Visas can be cancelled on the basis that the holder is not of good character under section 501 of the Migration Act. This usually means that the person has a “substantial criminal record”. The decision to cancel is discretionary and subject to review in the AAT (usually). So what happens when:
- a permanent visa is cancelled after the visa holder is convicted on several sexual assault charges and sentenced to imprisonment;
- he successfully seeks merit review in the AAT (so that the cancellation is set aside);
- then a few years later, he had a drink driving offence which again brought him to the Minister’s attention and resulted in the second cancellation of his visa. The drink driving offence by itself was not enough to trigger “bad character” but was taken into consideration with his previous offending.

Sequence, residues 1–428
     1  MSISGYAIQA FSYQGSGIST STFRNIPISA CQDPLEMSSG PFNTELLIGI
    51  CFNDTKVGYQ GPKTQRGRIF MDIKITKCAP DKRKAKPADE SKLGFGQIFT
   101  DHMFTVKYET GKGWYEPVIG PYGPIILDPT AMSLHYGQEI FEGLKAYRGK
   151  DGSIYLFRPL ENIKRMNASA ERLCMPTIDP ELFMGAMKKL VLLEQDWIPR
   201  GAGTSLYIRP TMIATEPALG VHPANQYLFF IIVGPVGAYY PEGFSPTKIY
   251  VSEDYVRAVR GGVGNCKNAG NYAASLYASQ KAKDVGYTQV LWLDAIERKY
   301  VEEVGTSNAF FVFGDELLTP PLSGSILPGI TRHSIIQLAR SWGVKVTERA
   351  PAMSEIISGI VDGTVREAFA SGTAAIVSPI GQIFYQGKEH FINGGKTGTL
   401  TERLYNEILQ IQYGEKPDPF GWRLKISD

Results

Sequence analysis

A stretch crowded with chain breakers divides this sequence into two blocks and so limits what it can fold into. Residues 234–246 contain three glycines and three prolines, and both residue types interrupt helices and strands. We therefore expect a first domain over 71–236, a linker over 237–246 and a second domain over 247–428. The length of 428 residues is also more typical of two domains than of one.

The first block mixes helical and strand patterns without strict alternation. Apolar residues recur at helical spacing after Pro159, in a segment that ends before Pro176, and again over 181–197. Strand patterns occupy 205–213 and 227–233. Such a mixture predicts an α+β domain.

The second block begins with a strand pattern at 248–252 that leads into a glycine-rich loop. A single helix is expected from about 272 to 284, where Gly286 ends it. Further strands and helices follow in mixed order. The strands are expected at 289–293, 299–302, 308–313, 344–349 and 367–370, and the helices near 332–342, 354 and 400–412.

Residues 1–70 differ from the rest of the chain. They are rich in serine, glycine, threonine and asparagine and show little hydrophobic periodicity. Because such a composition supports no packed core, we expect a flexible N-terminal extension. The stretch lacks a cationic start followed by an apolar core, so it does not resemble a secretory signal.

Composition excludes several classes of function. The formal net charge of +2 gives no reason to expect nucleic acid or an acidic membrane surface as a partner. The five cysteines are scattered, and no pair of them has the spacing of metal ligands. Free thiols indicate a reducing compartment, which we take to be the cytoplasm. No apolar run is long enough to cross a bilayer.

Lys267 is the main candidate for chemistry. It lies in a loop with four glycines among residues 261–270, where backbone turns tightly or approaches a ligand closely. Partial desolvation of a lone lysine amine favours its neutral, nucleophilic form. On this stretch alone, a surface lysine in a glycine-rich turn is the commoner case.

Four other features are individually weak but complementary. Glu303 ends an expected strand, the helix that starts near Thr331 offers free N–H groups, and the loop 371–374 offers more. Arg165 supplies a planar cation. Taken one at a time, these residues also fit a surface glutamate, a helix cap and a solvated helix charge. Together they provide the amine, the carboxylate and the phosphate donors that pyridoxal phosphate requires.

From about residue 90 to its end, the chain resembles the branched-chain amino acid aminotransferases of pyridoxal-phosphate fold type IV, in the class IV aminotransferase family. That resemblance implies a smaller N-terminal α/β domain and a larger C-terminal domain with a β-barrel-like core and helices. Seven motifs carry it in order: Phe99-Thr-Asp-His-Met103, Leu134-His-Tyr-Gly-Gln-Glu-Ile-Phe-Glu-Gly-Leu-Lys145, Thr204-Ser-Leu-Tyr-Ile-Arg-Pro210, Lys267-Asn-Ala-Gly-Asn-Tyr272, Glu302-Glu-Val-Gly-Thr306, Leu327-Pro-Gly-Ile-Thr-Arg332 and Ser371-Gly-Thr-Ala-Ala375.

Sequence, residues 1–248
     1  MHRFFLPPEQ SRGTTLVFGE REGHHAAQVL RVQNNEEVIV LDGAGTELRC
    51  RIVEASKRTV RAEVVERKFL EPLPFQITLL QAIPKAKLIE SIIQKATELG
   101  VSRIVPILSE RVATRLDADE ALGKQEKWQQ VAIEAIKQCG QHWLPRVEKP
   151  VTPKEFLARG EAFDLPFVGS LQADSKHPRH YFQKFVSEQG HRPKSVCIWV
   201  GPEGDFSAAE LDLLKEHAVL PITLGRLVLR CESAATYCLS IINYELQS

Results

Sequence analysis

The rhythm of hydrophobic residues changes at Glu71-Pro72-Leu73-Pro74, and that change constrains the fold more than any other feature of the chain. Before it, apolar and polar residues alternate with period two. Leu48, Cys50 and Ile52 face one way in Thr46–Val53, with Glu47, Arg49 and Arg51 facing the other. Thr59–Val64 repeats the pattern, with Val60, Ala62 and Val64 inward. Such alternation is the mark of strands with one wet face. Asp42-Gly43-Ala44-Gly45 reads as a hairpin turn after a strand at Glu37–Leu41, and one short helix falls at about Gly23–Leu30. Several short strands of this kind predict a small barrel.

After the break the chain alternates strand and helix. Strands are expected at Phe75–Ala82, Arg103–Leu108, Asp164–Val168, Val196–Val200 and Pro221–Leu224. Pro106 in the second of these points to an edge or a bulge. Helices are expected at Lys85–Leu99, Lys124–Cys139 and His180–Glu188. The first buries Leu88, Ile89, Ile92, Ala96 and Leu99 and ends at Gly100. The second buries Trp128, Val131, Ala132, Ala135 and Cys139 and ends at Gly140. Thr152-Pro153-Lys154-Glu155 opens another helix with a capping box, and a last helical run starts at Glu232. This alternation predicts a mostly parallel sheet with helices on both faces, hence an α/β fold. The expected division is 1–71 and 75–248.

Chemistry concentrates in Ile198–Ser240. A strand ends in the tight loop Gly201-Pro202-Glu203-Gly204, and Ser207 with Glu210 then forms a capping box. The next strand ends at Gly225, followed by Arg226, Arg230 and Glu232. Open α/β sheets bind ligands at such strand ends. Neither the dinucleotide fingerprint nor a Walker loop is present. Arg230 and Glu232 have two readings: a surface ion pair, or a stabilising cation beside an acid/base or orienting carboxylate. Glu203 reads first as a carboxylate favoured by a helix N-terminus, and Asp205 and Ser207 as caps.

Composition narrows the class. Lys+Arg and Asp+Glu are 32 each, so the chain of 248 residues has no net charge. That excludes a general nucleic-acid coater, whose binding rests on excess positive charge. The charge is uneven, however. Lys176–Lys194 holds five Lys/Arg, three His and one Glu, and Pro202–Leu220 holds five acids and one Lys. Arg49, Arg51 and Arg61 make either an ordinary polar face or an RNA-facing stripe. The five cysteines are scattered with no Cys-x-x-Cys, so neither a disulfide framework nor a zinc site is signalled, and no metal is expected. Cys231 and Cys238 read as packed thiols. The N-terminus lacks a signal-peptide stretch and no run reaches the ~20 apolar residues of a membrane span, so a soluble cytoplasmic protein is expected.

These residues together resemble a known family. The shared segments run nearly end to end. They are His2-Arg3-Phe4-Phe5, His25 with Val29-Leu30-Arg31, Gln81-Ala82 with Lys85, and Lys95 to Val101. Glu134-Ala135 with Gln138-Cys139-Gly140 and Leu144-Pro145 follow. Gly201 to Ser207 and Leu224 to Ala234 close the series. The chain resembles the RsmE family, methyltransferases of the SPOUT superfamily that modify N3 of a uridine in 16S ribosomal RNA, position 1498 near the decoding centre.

He again seeks review of the decision and ultimately, the High Court (in Minister for Immigration and Border Protection v Makasa  HCA 1) frames the question as (at ):
The determinative question therefore becomes whether, and if so when, the power conferred by s 501(2) of the Act, having once been exercised by the Minister or a delegate in the first instance or re-exercised by the AAT on review not to cancel a visa, can be re‑exercised by the Minister or a delegate to cancel the visa.
and the answer is (at ):
The result, in short, is that a decision of a delegate or the AAT not to cancel a visa made in the exercise of the power conferred by s 501(2) of the Act on the basis of facts giving rise to a reasonable suspicion that a visa holder does not pass the character test is final, subject only to ministerial override in the exercise of the specific power conferred by s 501A.
This basically means the power can only be used once. I will leave you to read the decision for all the analysis that led to that conclusion (which is more complicated than it first appears).
Creative commons acknowledgment for the photograph.